Do Human-modified Landscapes Affect Solitary Bee Diversity, Foraging, and Reproduction in Northern Florida?

Project Overview

GS10-092
Project Type: Graduate Student
Funds awarded in 2010: $10,000.00
Projected End Date: 12/31/2013
Grant Recipient: University of Florida
Region: Southern
State: Florida
Graduate Student:
Major Professor:
Dr. Katie Sieving
Wildlife Ecology / UF

Annual Reports

Commodities

  • Additional Plants: native plants

Practices

  • Education and Training: on-farm/ranch research
  • Natural Resources/Environment: biodiversity, habitat enhancement, hedgerows, wildlife
  • Production Systems: holistic management

    Abstract:

    We are studying the influence of land cover and farm habitat on solitary bee diversity and pollen collection. Of approximately 1,200 solitary bee specimens collected, 750 have been identified. Pollen processing is nearly complete at 100 samples, and identification has begun. ArcGIS facilitated characterization of land cover types in farm buffers. Preliminary results indicate 1) variation in bee community composition and abundance across farms in the study, 2) that pollen-carrying bees typically only carried 1-2 types of pollen, and 3) that 66 five hundred meter farm buffers across the study contained 8 land cover classes, pine being dominant.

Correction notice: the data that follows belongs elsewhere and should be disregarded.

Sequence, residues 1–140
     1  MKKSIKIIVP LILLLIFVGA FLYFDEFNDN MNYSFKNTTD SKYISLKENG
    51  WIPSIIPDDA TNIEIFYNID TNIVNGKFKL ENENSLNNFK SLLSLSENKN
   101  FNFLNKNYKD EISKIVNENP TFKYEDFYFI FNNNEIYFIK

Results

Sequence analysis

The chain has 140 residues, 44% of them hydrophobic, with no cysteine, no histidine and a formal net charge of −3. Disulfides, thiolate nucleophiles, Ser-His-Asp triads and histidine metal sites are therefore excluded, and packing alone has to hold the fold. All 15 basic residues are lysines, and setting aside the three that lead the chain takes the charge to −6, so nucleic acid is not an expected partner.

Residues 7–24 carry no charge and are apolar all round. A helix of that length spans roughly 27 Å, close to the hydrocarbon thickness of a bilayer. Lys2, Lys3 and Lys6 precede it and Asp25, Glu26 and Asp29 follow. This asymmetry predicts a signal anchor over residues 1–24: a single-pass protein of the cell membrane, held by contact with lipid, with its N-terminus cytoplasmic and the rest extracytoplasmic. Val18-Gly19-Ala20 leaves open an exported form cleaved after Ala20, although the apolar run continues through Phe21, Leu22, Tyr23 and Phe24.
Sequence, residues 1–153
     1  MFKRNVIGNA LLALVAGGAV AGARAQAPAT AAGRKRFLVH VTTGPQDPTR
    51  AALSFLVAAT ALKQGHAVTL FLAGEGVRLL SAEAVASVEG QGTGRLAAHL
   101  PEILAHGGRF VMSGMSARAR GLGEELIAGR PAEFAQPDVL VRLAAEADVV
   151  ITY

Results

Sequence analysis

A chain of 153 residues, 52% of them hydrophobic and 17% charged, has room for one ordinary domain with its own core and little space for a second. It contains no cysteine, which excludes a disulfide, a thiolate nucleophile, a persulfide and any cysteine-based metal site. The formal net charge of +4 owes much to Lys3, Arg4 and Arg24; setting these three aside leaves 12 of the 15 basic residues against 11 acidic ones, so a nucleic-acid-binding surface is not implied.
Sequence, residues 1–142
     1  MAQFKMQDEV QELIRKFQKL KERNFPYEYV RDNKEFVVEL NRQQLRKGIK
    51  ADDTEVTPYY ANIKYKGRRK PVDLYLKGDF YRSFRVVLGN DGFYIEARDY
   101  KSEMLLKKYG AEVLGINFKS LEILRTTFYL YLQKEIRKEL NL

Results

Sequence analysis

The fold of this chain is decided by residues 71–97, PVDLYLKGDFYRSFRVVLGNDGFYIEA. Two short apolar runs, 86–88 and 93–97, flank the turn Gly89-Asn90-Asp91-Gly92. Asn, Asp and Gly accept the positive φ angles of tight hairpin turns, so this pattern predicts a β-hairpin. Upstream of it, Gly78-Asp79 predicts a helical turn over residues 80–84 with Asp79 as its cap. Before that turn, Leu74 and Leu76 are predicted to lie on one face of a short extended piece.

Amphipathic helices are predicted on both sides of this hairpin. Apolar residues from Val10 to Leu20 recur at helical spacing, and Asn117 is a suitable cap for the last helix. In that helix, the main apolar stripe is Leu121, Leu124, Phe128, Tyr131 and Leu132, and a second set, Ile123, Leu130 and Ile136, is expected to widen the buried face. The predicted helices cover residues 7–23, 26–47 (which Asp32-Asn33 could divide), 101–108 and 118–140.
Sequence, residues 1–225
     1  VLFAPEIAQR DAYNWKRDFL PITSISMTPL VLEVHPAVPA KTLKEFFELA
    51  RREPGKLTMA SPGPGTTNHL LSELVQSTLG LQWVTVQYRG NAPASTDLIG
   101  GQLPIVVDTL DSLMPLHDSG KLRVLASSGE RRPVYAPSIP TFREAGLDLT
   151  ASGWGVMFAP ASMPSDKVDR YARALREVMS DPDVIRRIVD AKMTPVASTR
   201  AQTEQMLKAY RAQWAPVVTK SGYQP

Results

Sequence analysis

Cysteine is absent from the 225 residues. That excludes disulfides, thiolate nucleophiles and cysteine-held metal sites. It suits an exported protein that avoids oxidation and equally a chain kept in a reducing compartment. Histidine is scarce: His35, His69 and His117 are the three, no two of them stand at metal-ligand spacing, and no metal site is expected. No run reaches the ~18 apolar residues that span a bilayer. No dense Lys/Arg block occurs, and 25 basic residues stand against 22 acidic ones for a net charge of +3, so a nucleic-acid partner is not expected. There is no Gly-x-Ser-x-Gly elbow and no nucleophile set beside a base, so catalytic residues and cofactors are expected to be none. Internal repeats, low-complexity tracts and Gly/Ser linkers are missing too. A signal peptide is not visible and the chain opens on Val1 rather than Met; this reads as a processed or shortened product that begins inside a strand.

Introduction

    Purpose

    The purpose of this project is to assess the availability and possible contribution of native bees to sustainable agriculture in Northern Florida, and to identify factors that encourage diverse bee populations. Our study focused on pollination and species diversity on farms in two landscape contexts (natural and agricultural) to determine the influence landscape context has on shaping native bee populations. We ask the following questions: What native bees are found on sustainable farms and what do they pollinate? And, do the different landscape contexts affect the distribution and abundance of bees?

    Our initial proposal included bee reproduction as a response variable and the urban/suburban landscape context. However, over the life of the project these two aspects proved to be unfeasible. We could not find enough farms nested in urban/suburban areas, but found a number of them in the natural and agricultural contexts. Bee reproduction proved not to be feasible to include because of the difficulty (established by a preliminary study) in attracting Northern Florida’s solitary bees to nest in artificial structures. The purpose statement above reflects these changes in the project focus.